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Most of 200,000 playground injuries to children are preventable, report says

graphic

April 25, 2000
Web posted at: 12:45 p.m. EDT (1645 GMT)

ATLANTA (CNN) -- More than 200,000 children will be injured this year on playgrounds at childcare centers, schools and parks in the United States, and most of the injuries are preventable, a two-year study has determined.

Researchers assessed 3,052 playgrounds in all 50 states, rating them for equipment maintenance, adult supervision and other safety factors. The average grade among the states was "C" -- showing significant deficiencies. Arizona's playgrounds ranked highest with a "B+."

"We are disappointed with the study results," said Dr. Donna Thompson, founder of the National Program for Playground Safety. "The children of America deserve an 'A' playground; most of the factors that are preventing them from having the playground they deserve can be easily remedied."

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Thompson's organization, which conducted the survey, reported that hard surfacing like asphalt, concrete, packed dirt or rock is the leading cause of children's injuries on public and private playgrounds.

"Acceptable alternatives include hardwood fiber/mulch, pea gravel and sand. Other options include rubber tiles, mats or poured surfaces," according to a report from the organization, which was established in 1995 with a grant from the U.S. Centers for Disease Control and Prevention.

Falls onto playground surfaces were a contributing factor in 70 percent of injuries requiring hospital visits, researchers found. Climbing equipment, slides and swings were involved in most public playground injuries.

The study concluded that more adult supervision is needed at America's playgrounds. Also, placement of signs designating appropriate age groups for individual playground equipment would guide parents, the researchers said.

The National Program for Playground Safety, based at the University of Northern Iowa, released the study results to coincide with National Playground Safety Week, April 24-28.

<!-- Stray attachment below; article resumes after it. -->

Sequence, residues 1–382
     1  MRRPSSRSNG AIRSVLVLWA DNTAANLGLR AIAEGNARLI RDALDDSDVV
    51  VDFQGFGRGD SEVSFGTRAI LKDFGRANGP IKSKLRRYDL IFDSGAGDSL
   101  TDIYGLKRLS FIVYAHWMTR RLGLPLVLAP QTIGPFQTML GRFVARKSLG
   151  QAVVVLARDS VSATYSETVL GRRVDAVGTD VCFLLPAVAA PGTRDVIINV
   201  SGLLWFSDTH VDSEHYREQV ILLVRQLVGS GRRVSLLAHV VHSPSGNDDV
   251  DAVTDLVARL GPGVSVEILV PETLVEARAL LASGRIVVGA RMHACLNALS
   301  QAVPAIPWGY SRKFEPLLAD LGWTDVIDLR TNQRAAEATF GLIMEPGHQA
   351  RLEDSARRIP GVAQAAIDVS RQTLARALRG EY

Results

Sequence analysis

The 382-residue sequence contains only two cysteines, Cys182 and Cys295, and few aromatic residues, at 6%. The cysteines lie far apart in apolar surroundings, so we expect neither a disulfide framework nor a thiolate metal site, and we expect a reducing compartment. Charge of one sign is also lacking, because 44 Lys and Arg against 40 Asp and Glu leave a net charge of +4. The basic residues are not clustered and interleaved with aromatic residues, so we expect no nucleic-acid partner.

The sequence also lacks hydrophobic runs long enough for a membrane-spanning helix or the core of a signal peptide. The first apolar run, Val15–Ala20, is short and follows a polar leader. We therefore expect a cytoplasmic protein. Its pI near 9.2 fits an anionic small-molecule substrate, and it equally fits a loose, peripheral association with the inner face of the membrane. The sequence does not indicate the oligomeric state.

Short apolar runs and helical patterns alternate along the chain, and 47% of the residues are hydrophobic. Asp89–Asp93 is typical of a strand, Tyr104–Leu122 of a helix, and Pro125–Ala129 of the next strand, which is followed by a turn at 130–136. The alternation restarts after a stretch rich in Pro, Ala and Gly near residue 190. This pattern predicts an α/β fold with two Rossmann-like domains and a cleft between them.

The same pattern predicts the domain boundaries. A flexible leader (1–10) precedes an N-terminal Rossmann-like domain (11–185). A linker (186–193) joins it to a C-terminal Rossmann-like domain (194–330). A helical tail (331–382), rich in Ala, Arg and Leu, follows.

For parents, school administrators and other public officials, the program provides information on how to improve playground safety. Included for distribution are blank report cards, the same check-off forms used in the national study to score playgrounds.

To receive the safety and evaluation information, call 1-800-554-PLAY or write The National Program for Playground Safety, University of Northern Iowa, Cedar Falls, Iowa 50614. Or fax a request to 319-273-7308, or send email to playground-safety@uni.edu.

CNN Correspondent Pat Etheridge contributed to this report.

A parent's quick checklist for playgrounds

  • Make sure supervision is present, but strings and rope aren't. Adult presence is needed to watch for potential hazards, observe, intercede and facilitate play when necessary. Strings on clothing or ropes used for play can cause accidental strangulation if caught on equipment.

  • Make sure all children play on age-appropriate equipment. Preschoolers, ages 2-5, and children, ages 5-12, are developmentally different and need different equipment located in separate areas to keep the playground safe and fun for all.

  • Make sure falls to surface are cushioned. Nearly 70 percent of all playground injuries are related to falls to the surface. Acceptable surfaces include hardwood fiber/mulch, pea gravel, sand, and synthetic materials such as poured-in-place, rubber mats, or tiles. Playground surfaces should not be concrete, asphalt, grass, blacktop, packed dirt, or rocks.

  • Make sure equipment is safe. Check to ensure the equipment is anchored safely in the ground, all equipment pieces are in good working order, S-hooks are entirely closed, bolts are not protruding, there are no exposed footings, etc.

  • Source: National Program for Playground Safety, University of Northern Iowa, Cedar Falls, Iowa 50614-0618, 800-554-PLAY



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    RELATED STORIES:
    How safe is junior at play?
    April 5, 2000
    Study: Most U.S. playgrounds still unsafe
    June 11, 1998

    RELATED SITES:
    National Program for Playground Safety
    National Center for Injury Prevention and Control: Playground injuries


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